The Baptist World Alliance was one of several nongovernmental organizations whose findings were incorporated into a report issued by the United Nations (UN) on Eritrea in June.
BWA and other NGO findings were referred to in the UN report as “testimonies and confidential submissions” that were made to the UN on Eritrea. The BWA submissions were made during the Universal Periodic Review (UPR) of the East African country by the UN in Geneva, Switzerland, in February 2014.
“For more than two decades the Eritrean regime led by President Isaias Afwerki and the Popular Front for Democracy and Justice has systematically committed flagrant abuses of human rights,” the BWA said in its complaint. “While violations are broad, perhaps no community has suffered more thoroughly and completely than the numerous adherents of religious communities deemed unacceptable by the illiberal government, most especially evangelical Christians.”
The BWA alleged that there were between 2,000 and 3,000 religious prisoners in Eritrea, the majority being evangelical Christians. Religious prisoners, the BWA asserted, are frequently beaten and tortured, denied legal recourse and medical aid, and are held in deplorable conditions such as in underground cells and metal containers.
While evangelical Christians are especially targeted, the BWA said other Christians have also experienced persecution. Abune Antonios, who is in his eighties, was removed from his position as Patriarch of the Eritrean Orthodox Church and has been under house arrest since 2006 without charges. The BWA submission to the UPR claimed that Muslims were also being persecuted.
After the UPR, the UN Human Rights Council established a Commission of Inquiry (COI) on Eritrea in June 2014 to investigate the widespread and systematic violations of human rights and fundamental freedoms in the nation, which gained its independence from Ethiopia in 1991 after a 30-year war for independence. The BWA report, which provided background for the UPR, was included in the bibliography of the UN COI report as a background piece.
In addition, separate firsthand testimonies were used by the UPR. These testimonies were collected by Elijah Brown, a member of the BWA Commission on Religious Freedom, who had made visits to refugee camps in Ethiopia, which house refugees from Eritrea. Brown, lead author of the BWA report to the UPR, was a professor at East Texas Baptist University and is now chief of staff of 21st Century Wilberforce Initiative, a Christian human rights organization. The most recent of these firsthand testimonies were presented in February 2015 as part of the COI process.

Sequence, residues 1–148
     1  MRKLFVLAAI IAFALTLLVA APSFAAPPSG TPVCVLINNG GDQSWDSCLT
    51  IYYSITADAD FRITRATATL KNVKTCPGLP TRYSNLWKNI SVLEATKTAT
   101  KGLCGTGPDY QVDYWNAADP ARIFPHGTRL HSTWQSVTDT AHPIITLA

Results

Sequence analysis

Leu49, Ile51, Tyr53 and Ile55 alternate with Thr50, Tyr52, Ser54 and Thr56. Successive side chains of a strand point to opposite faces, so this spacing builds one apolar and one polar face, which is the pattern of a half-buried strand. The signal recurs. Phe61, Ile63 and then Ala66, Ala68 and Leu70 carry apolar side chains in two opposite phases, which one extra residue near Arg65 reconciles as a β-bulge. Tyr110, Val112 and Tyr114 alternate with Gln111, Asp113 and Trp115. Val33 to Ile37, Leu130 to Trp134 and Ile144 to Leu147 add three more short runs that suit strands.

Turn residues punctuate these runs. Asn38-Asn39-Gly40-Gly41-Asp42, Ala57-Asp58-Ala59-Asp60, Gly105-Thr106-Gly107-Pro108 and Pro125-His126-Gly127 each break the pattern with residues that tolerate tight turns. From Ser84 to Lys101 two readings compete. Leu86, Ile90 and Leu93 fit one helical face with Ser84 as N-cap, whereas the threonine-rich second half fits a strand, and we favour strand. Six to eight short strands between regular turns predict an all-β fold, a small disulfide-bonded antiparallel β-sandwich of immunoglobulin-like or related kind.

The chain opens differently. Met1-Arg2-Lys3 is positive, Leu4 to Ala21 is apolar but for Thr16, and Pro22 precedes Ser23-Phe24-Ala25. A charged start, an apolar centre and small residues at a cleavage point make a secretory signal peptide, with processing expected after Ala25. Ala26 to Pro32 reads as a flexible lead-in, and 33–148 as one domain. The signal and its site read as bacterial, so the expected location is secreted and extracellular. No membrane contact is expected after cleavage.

One of these eyewitness testimonies stated, “The prison officials treated the Christian community differently than non-Christian prisoners. For instance, evangelical Christians in the prison were denied access to visits from families and friends. However, other faith groups were granted the privilege of seeing their family members and receiving food items.”
Another eyewitness declared, “As a follower of Christ, I was often not allowed to share a cell with another person. The guards were afraid I would proselytize. I did not have a Bible during this period. In fact, possession of a Bible would result in a punishment of several additional years of imprisonment. The officials kept telling me that I could not interact with others because I would spoil them and that my only chance for freedom was to betray Christ.”
“For two years the BWA Commission on Religious Freedom has been engaged on the situation facing persecuted individuals in Eritrea,” said Karen Bullock, professor of Christian Heritage and director of the Ph.D. Program at B. H. Carroll Theological Institute in Texas, in the US, and chair of the BWA Commission on Religious Freedom.
“It is clear that gross human rights violations have occurred and that some of these violations cross the threshold of crimes against humanity,” said Bullock. “This report is the most comprehensive and detailed account of the violations perpetrated by the Eritrean government.”
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© July 10 2015